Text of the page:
It is often said that being a parent is a full time job. It’s no wonder then that many new parents take time off from their career to focus on adjusting to their new lifestyle and to get to know the littlest member of the family. Many new mothers may also need time to heal after giving birth.
The last thing a new parent should be worried about is getting back to work. In the United States, however, there are currently no laws in place that provide paid maternity leave for expectant mothers. Thousands of women are forced to de-prioritize their minds, bodies, new parental responsibilities, and get back to the office.
According to the new State of the Gender Pay Gap report released by PayScale, women who take extended maternity leave from work make seven percent less money when they return to work and are less likely to eventually earn a promotion.
In 1995, former president Bill Clinton signed the Family and Medical Leave Act, which gave eligible workers 12 weeks of leave to care for a newborn. That leave, however, is unpaid.
As of 2018, the United States remains the only country in the developed world that does not require employers to offer paid leave to new mothers. New mothers in Finland, for instance, are entitled to up to three years of paid maternity leave, and Canadian mothers are given up to one year. Mexico, like America, requires employers give new mothers 12 weeks maternity leave, but in Mexico, the leave is paid.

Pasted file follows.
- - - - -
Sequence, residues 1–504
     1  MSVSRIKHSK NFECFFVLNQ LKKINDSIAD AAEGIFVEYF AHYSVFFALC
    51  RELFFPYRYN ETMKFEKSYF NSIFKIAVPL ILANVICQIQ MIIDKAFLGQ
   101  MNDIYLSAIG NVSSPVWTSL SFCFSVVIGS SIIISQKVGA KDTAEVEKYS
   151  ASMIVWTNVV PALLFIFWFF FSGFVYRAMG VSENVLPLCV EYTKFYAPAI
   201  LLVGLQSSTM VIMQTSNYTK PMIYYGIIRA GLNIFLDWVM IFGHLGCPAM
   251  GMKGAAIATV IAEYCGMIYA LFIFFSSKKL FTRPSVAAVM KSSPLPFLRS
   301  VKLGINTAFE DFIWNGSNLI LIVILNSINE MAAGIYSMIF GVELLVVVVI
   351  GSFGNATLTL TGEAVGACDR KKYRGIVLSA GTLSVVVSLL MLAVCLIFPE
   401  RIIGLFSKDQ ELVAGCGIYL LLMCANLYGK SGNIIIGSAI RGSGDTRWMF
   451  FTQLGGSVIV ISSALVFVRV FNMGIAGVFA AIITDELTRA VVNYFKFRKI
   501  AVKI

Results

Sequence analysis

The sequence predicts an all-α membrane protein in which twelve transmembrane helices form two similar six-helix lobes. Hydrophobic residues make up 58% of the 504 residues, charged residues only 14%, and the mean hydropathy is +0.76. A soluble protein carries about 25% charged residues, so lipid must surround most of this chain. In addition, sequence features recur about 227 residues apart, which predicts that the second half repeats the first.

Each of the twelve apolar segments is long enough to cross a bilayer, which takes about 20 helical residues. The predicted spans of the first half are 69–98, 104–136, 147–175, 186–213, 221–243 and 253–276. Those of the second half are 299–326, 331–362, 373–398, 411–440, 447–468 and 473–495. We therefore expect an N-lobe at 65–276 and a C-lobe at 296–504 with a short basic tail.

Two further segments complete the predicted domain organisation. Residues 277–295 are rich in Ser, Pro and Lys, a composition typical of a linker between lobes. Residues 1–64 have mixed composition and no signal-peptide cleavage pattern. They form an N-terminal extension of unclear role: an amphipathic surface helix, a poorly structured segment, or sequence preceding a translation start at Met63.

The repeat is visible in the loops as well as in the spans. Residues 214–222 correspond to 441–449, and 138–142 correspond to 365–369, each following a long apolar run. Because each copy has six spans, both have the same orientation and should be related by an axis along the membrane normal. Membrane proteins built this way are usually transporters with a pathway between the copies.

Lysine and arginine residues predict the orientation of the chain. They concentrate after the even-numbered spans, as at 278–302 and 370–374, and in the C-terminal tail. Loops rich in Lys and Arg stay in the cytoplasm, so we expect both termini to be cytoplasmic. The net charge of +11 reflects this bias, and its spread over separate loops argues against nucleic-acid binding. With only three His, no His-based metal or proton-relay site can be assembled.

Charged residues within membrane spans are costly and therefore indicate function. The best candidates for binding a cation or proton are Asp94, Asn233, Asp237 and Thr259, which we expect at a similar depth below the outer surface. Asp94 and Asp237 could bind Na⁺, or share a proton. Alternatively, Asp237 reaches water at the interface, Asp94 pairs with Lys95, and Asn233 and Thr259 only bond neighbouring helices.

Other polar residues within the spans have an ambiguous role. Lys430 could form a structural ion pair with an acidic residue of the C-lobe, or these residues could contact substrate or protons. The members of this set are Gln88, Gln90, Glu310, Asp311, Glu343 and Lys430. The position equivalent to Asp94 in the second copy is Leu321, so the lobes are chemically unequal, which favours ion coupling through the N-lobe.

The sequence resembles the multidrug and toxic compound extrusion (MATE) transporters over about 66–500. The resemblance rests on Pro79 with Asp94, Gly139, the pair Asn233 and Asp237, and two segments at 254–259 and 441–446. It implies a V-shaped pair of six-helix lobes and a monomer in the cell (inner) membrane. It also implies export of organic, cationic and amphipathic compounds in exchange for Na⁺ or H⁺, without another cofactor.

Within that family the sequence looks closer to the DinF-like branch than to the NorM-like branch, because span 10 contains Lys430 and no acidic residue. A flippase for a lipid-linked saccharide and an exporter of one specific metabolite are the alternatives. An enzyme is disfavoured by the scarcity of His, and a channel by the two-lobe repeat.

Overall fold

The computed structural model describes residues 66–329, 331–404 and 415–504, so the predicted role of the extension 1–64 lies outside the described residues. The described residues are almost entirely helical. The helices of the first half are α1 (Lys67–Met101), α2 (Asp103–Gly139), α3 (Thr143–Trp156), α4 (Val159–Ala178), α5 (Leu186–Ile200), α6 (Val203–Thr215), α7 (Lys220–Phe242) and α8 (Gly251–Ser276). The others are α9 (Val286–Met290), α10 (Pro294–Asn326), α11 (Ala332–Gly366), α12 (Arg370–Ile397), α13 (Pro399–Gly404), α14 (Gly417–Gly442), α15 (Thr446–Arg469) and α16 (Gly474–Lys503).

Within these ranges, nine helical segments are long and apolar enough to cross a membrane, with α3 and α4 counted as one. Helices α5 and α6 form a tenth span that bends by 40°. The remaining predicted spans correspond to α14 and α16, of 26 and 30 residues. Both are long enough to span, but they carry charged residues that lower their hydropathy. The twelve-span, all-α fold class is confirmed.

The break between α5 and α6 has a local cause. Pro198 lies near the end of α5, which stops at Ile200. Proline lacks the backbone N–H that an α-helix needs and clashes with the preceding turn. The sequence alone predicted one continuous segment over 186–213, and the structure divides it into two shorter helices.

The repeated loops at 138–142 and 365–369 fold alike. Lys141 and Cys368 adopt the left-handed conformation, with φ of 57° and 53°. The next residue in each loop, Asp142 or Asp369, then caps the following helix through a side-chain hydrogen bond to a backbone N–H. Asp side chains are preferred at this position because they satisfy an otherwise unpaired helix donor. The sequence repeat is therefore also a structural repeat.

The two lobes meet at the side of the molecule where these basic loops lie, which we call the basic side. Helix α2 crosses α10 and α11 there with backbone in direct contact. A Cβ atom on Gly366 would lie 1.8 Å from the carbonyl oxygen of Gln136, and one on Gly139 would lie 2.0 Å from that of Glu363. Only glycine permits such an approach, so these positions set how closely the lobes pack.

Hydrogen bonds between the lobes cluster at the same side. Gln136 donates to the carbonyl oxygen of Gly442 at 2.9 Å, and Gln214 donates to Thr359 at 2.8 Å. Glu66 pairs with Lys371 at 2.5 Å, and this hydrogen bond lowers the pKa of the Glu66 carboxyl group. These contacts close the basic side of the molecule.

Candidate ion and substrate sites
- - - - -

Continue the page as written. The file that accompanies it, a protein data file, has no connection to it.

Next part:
“We’ll never close the pay gap if we don’t get serious about solving the opportunity gap. That means thinking about policies and work culture evolutions that could help balance the burden between the genders of caring for children and other family members and alleviate the career and pay impact for women,” Lydia Frank, Vice President at PayScale, said in a statement. “Employers should think about paid parental leave regardless of gender, onsite childcare, flexible work arrangements, etc.”
The report also found that the gender wage gap widens with age. On average, a 20- to 29-year-old woman will earn 81.8 cents for every dollar that her male co-worker makes. However, women in the 30- to 44-year-old range earn 76.7 cents to the dollar and women 45 and up make only 69.1 cents. These numbers significantly decrease for women of color.
Men are also more likely to move up the ranks during their careers, perhaps because they are less likely to need time off. The study shows that by mid-career, men are 70 percent more likely than their female colleagues to be in an executive role and, by late career, are 146 percent more likely to be in Vice Presidential or C-Suite roles.
The unpaid leave can be particularly discouraging to young and single parents. With the current lack of financial and career reassurance, many women are forced to choose between having children or a successful career. For women who want both, this can be a bitter truth to come to terms with.
The reality is that motherhood can often put a limit on advancement opportunities for women. The United States needs to implement legislation that will allow for paid parental leave and must also allow more equal advancement opportunities to people who face any sort of career disruption.
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